Most young baseball players have long swings. A long swing is either one where the bat’s barrel starts too far from the correct hitting position, or one that detours from the direct path to the contact area, or both. Long swings lead to most typing errors.
I believe all coaches who hit baseball agree that a compact baseball swing is desired. A compact swing is one that goes straight to the ball, while still allowing hitters time to wait for the pitches and provide the power needed to drive the ball across any court. In teaching the art of hitting for over 23 years, one thing I have learned is that unlike teaching pitching and fielding, it is necessary to correct the batters’ upper body (bald position). mouse and 1st movement) before tackling the lower body problems of the over-stride, get out (in the bucket) and rush. Time and time again, I have watched coaches attempt to correct incorrect batting strides and lower body actions to no avail. Incorrect batters’ actions don’t go away because long swings create lower body issues that persist until their swings are more compact.
Over time, the batters’ subconscious minds have told them that when they can’t get the bat out in time, they have to compensate. Hitters with long swings learn to incorrectly compensate for the mentioned over-stride, lunge, and bucket-hopping issues. They in order to bring the stick to the pitched ball in time. Coaches can tell hitters with incorrect strides a million times not to go out, not to pass the stride or lunge without results for the stated reason – their swing is long and that is the only way to avoid d ” continually be behind the ball. The only solution is to create a much shorter (compact) swing. That’s not to say that the lower half of the body isn’t crucial for good hitting fundamentals, but the swing should be tackled first. As proof, good hitters can hit consistent line shots from their knees with a good swing, without the power of course, but cannot hit the ball solid with good lower half mechanics with the wrong swing.
I’ve also noticed a number of times that once compact swings are developed with the correct hitting start positions and the correct first hits, the hitter’s bottom half issues go away. Without compact swings, hitters automatically revert to their bad lower body habits because they can’t wait long enough on the ball.
Therefore, it is necessary for coaches to teach the correct hitting position on the landing with stride. A compact swing begins with the correct positioning of the batting barrel when the batter’s front foot lands. The bat barrel should be in a line directly above the back shoulder with the hands remaining at shoulder height and about two inches behind the back shoulder. From this position, the bat begins on a direct path to the ball with the batters’ back elbow entering the body as the hands move into a palm up, palm down position through the contact zone. and typing. The bat naturally stabilizes earlier on lower locations than on higher locations.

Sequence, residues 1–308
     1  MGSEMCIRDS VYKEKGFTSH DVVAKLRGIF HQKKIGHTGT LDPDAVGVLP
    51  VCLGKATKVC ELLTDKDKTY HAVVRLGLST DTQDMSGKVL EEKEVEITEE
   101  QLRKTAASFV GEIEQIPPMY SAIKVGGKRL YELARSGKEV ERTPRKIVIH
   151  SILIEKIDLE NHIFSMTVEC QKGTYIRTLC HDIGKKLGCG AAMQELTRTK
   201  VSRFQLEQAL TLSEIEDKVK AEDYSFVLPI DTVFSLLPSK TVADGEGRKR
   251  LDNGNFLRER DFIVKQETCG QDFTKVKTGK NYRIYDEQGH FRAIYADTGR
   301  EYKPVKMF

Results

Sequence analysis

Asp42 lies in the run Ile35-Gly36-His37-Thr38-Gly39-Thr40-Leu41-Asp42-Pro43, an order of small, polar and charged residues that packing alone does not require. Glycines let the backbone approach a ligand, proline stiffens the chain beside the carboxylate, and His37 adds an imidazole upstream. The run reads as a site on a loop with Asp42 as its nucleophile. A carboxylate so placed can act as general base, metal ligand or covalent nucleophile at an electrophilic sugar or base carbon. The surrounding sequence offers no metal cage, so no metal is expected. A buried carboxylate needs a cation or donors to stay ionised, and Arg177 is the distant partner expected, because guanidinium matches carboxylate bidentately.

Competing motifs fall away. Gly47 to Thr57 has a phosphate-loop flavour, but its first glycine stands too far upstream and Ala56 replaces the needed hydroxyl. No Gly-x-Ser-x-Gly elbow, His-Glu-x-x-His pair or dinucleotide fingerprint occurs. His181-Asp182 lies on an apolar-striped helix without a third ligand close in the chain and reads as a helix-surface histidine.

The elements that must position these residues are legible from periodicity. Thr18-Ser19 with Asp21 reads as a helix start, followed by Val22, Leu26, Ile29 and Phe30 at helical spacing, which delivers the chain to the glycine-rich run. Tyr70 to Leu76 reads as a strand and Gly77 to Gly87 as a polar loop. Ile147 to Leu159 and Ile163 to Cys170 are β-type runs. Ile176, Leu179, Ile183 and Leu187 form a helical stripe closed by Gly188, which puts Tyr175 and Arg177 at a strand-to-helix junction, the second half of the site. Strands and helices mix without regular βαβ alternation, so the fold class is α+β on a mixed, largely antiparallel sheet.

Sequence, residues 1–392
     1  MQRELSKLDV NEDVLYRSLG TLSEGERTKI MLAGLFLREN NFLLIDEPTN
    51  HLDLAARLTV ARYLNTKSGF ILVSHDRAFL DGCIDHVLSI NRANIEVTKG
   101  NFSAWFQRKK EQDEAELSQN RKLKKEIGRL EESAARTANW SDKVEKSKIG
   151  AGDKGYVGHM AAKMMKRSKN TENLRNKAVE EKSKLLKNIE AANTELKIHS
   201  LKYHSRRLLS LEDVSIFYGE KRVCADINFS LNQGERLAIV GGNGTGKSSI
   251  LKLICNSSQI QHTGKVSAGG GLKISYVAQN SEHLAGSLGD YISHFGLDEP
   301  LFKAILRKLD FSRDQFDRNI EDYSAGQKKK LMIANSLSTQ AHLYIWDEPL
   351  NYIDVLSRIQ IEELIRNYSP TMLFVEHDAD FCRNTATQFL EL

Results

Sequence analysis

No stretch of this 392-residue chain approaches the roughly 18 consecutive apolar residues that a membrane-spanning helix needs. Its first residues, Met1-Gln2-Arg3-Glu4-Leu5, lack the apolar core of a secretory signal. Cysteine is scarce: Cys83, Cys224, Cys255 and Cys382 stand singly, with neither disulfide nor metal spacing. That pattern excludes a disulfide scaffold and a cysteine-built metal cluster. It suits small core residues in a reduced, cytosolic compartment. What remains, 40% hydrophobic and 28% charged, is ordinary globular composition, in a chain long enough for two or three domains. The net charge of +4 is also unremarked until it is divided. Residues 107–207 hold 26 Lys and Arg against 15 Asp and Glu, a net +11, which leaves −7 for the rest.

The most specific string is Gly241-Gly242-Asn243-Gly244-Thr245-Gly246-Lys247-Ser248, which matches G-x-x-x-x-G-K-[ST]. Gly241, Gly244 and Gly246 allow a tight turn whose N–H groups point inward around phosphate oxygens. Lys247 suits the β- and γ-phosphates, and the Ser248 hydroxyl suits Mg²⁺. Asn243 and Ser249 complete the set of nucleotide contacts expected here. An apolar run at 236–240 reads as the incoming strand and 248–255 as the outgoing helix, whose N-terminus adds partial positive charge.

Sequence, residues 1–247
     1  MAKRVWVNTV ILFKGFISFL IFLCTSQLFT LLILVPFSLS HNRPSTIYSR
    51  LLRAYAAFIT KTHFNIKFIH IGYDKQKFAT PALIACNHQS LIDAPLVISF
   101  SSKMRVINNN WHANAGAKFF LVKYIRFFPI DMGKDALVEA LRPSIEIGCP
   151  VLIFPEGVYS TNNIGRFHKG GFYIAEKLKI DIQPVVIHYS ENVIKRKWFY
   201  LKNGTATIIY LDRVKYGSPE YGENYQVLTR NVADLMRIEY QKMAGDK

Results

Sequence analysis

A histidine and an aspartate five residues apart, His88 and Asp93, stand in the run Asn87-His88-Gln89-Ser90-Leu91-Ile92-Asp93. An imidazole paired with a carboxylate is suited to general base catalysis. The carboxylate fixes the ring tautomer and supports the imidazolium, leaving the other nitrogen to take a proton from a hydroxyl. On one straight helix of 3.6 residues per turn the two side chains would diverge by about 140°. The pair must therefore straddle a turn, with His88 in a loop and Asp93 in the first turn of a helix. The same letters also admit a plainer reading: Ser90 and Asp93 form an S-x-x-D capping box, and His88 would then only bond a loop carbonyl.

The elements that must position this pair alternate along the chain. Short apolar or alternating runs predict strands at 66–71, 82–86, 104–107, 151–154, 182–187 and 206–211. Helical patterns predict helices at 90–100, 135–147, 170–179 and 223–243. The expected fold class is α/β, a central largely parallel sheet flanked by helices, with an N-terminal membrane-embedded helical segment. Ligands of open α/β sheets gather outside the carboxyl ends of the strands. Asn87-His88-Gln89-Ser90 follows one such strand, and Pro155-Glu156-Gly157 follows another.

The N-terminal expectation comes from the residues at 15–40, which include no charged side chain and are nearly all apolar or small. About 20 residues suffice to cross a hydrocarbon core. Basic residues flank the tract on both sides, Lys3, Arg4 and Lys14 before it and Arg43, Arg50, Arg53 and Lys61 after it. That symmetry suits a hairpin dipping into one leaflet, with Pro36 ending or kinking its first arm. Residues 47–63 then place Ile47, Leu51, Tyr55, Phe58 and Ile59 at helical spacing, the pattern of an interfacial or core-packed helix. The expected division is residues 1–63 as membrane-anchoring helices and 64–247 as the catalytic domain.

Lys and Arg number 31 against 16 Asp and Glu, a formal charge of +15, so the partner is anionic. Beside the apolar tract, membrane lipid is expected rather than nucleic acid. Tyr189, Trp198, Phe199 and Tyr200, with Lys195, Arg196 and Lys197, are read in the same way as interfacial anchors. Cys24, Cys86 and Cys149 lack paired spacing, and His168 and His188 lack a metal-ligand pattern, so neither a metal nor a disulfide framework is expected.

Below are hitting drills that can turn long swings into compact swings, and drills that will help eliminate typing errors associated with running, excessive walking, and walking in the bucket:
Exercises without batting tee available:
1. Dropped Ball Drill – Coaches stand slightly in front and to the side of the batter, out of danger. After the batting stride, coaches drop the ball into the strike zone. Hitters with long swings will continually fall behind on this drill, until they shorten and speed up their swings.
2. Net behind batter’s drill – Have batters stand within half a foot of a net that is directly behind them (toward the catcher) and swing without hitting the net on the way to the ball. ball. To ensure that batters do not go off the net, they should hit the same net on their follow-up without shooting the ball’s front head or shoulder.
3. Upper Hand Drill – With a small bat or by choking on their regular bat, hitters can work on hitting with just their upper hand, which will help them control the barrel on a more direct path to contact.
With the use of a batting tee:
1. High Tee Drill – By placing the ball on a tee that is level with the chest, hitters should be working on hitting line practices. Long swings will usually lead to burst balls, chopped balls, or completely missed balls.
2. Drop Ball Drill with Tee – By placing a hitting tee at the hitters’ waist and even with their hips back, hitters should miss the tee on their way to the dropped balls.
With 2 fleece tees available
1. Low / High Tee Drill – Place a ball on one tee even with the batters’ front leg and a ball on the other tee one foot in front with the ball closest to the catcher one and a half wide lower. Batters work on hitting line controls on the front ball after missing the back ball.
Of course, some of these hitting drills can also be performed with live batting practice. Finally, it should be noted that without the correct and described position of the bat cannon when landing the stride foot, none of these exercises will repair and shorten the swing, leaving the hitters with their long swing and lower body problems.
Source by Jack Perconte